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BASIC programming language

BASIC is a family of high-level programming languages. Originally devised as a teaching tool, it became widespread on home microcomputers in the 1980s, and remains popular to this day in a handful of heavily altered dialects.

BASIC's name, coined in classic computer science tradition to result in a nice acronym, stands for Beginner's All-purpose Symbolic Instruction Code,¹ tied to the name of an unpublished paper by the language's co-inventor Thomas Kurtz (the name thus having no relation to C. K. Ogden's series "Basic English"). Some critics have humorously called the language Bill's Attempt to Seize Industry Control in response to Microsoft's policies with respect to BASIC interpreterss included with early IBM PC compatibles.

Table of contents
1 History
2 The language
3 Availability and dialect variants
4 Examples
5 Dialects
6 Standards
7 External links
8 References and notes



Prior to the mid-1960s, computers were terribly expensive tools that were used only for special-purpose task, running a single "job" at a time. During the 1960s, however, computers started to drop in price to the point where even small companies could afford them, and the speed increased to the point where they often sat idle because there weren't enough jobs for them.

Programming languages of the era tended to be designed, like the machines they ran on, for specific purposes such as scientific formula processing. Since single-job machines were expensive, they also tended to consider execution speed to be the most important feature of all. In general they were hard to use, and tended to be somewhat "ugly".

It was at this time that the concept of time-sharing systems started to become popular. In such a system the processing time of the main computer was "sliced up" and each user was given a small amount in sequence. The machines were fast enough that most users would be fooled into thinking that they had a single fast machine to themselves. In theory timesharing reduced the cost of computing tremendously, as a single machine could be shared among, in theory at least, hundreds of users.

Birth and early years

The original BASIC language was invented in 1964 by John George Kemeny (1926-93) and Thomas Eugene Kurtz (1928-) at Dartmouth College. In the following years, as other dialects of BASIC appeared, Kemeny and Kurtz' original BASIC dialect became known as Dartmouth BASIC.

BASIC was designed to allow students to write programs using time-sharing computer terminals. BASIC intended to address the complexity issues of older languages with a new language designed specifically for the new class of users the time-sharing systems allowed – that is, a "simpler" user who was not as interested in speed as in simply being able to use the machine. The designers of the language also wanted it to remain in the public domain, which helped it to spread.

The eight design principles of BASIC were:

  1. Be easy for beginners to use
  2. Be a general-purpose language
  3. Allow advanced features to be added for experts (while keeping the language simple for beginners)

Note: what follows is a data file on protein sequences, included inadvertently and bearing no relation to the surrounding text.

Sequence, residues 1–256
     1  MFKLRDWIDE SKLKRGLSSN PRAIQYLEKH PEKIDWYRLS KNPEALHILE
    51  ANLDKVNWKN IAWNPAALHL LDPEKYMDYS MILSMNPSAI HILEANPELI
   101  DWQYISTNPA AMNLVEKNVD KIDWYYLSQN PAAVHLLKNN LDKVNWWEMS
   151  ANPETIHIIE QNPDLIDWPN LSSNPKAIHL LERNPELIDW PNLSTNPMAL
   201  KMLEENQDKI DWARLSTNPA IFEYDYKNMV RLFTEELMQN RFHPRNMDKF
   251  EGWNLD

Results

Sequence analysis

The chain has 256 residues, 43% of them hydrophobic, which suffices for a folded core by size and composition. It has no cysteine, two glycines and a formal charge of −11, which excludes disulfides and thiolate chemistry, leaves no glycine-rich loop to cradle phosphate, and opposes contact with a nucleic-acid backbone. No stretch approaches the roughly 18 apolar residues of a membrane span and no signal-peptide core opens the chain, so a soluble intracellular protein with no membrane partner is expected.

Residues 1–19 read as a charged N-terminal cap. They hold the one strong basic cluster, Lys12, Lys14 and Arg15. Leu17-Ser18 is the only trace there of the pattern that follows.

4. Be interactive
  5. Provide clear and friendly error messages
  6. Respond fast for small programs
  7. Not require an understanding of computer hardware
  8. Shield the user from the operating system

The language was based partly on FORTRAN II and partly on Algol 60, with additions to make it suitable for timesharing and matrix arithmetic, BASIC was first implemented on the GE-265¹ mainframe which supported multiple terminals. Contrary to popular belief, it was a compiled language at the time of its introduction. Almost immediately after its release, computer professionals started to deride BASIC as being too slow and too simple.² Such elitism is a recurring theme in the computer industry.

BASIC nevertheless spread to a number of machines, and became fairly popular on newer minicomputers like the DEC PDP series and the Data General Nova. In these instances the language tended to be implemented as an interpreter instead of a compiler, or alternately, both were supplied.

Explosive growth

However it was the introduction of the Altair 8800 microcomputer in 1975 that truly spread BASIC. Most programming languages were too large to fit in the small memory most users could afford on these machines, and with the slow paper tape (or later audio cassette tape) storage (disks of any kind were not available at any price for some years) and the lack of suitable text editors, a small language like BASIC was a good fit. One of the first to appear for this machine was Tiny BASIC, a simple BASIC implementation originally written by Dr. Li-Chen Wang, and then ported onto the Altair by Dennis Allison at the request of Bob Albrecht (who later founded Dr Dobbs Journal). The Tiny BASIC design and the full source code was published 1976 in DDJ.

In 1977 Microsoft (then only two people -- Gates and Allen) released Altair BASIC. Versions then started appearing on other platforms under licence, and millions of copies and variants were soon in use; it became one of the standard languages on the Apple II. By 1979 Microsoft was in talks with several microcomputer vendors, including IBM, to license a BASIC interpreter for their computers. A version was included in the IBM PC's ROM chips and, for PCs without disks, was booted automatically on power up.

As newer companies attempted to follow the success of Altair, IMSAI, North Star, and Apple, and thus created the home computer revolution, BASIC became a standard feature of all but a very few home computers; most came with a BASIC interpreter in ROM (a feature pioneered by the Commodore PET in 1977). Soon there were many millions of machines running BASIC around the world, likely a far greater number than all of the users of all other languages put together. Many programs, especially those on the Apple II and IBM PC, depended on the presence of Microsoft's BASIC interpreter and would not run without it; thus, Microsoft used the copyright license on the BASIC interpreters to gain leverage in negotiations with the computer vendors.